No, you don’t have to look like a model to have a good relationship with your body. Your body, our body, is the only one that we have. We’re not going to get another body. So, it’s up to us to decide how we’re going to live in our bodies. We cannot escape our bodies unless we die. So, we have a choice. We can improve our relationship with our body or even start to have a relationship with it, or we can just drag this body around our life and act as if it’s a problem for us.

When we think about it, how we define our relationship with our body matters.

Imagine if our body were another person who had feelings, and we started treating them as we do our own bodies. How would it feel if we said, “I hate you if you don’t look good”? So, if we have a friend and we say to them, “If you don’t look good, I’m going to hate you; I’m not going to be friends with you,” what kind of relationship is that?

The same applies to our bodies. The only difference with our bodies is that we cannot stop communicating with them. We cannot cut off the connection.

Well, we can cut off the connection. If things happening to the body (for example, weight gain) get so out of control that we say, “Ah, that’s it, I’m divorcing you. I’m throwing away all of my mirrors.” That can happen and has happened to some of us. But this is more like pretending that we have severed the connection with the body, because we still live in it. We just pretend we don’t have that connection. And that creates a pretty hostile environment for our bodies to endure.


So, this brings me to the point that we need to feel safe in and with our bodies just as much as we need to feel safe in our home. And the thing that ruins our relationship with our bodies and creates body shame is the rejection of our bodies.

A side note here: whenever you feel shame about your body, don’t think that you shouldn’t feel shame. You feel what you feel. You have the right to feel whatever you feel. Because when you feel something negative about yourself, and then you feel bad for feeling that negativity, it’s like a double trouble. You feel bad, and on top of feeling bad, you feel bad towards yourself. “Why do I feel shame about my body? I shouldn’t be feeling this way.” And then you feel double shame. You feel shame, and then you feel shame about feeling it. So whatever you feel is valid. Whatever you feel, you have a right to feel. Because whatever you feel is an accurate reflection of what has happened to you. It’s not about how poorly you managed. It’s not about the things that you could have done but didn’t. Given the circumstances that each of us has been in and where we are right now, we couldn’t feel about ourselves any other way.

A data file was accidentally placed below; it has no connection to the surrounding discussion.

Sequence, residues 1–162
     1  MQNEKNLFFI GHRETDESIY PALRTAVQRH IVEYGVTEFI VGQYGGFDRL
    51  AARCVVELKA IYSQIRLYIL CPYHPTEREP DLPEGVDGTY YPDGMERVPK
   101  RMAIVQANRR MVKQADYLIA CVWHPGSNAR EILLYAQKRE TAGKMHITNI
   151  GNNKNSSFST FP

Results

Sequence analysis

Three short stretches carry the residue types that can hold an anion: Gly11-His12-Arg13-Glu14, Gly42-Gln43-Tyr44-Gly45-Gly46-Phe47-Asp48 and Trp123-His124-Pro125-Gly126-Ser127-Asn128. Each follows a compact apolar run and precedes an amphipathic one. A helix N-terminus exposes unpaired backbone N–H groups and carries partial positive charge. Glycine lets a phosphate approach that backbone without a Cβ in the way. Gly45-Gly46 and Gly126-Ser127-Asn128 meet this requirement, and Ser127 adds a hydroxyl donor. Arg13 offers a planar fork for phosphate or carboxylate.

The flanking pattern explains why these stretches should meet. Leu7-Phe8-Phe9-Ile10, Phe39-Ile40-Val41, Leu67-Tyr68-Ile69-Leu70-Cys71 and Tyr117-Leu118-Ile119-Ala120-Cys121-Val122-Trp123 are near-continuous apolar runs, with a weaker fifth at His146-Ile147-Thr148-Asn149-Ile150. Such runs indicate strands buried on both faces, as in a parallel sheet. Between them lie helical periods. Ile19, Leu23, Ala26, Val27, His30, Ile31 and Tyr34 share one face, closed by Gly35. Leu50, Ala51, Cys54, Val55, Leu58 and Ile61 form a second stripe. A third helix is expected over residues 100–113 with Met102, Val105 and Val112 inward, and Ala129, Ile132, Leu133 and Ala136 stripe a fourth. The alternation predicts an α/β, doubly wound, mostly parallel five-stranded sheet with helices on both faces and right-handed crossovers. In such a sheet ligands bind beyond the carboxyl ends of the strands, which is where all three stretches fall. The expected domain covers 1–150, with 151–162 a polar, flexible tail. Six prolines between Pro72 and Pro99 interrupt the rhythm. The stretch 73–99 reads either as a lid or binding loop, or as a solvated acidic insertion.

So the number one point in having a relationship with your body is, first of all, admitting where you are. When we force ourselves to skip a step, it doesn’t feel real. It feels like I’m faking this right now. For example, if right now what’s going on is, “I’m actually not having a good relationship with my body. Right now, I actually feel in rejection with my body.” That’s where we should start. We say, “Okay, that’s my reality right now. I’m feeling in rejection with my body.” That’s where we can start.

The next step is to start digging deeper. “Why? Why am I feeling rejection toward my body? Oh, because I see myself in the mirror and I don’t like what I see.”

Okay, so how about we start with that? How about we begin by looking at ourselves in the mirror and accepting what we see? And I’m not talking about “oh my God, I see a pimple and I like it.”

No, I’m talking about real acceptance of what we see in the mirror. It sounds a bit more like this: ”Okay, I see myself in the mirror, I don’t like what I see. That’s okay. “

So then you can move on to the second step. You can say to yourself: “I’m going to do this for six weeks. I’m going to look at myself in the mirror, and if I don’t like what I see, that’s okay. At least I will start looking at myself.”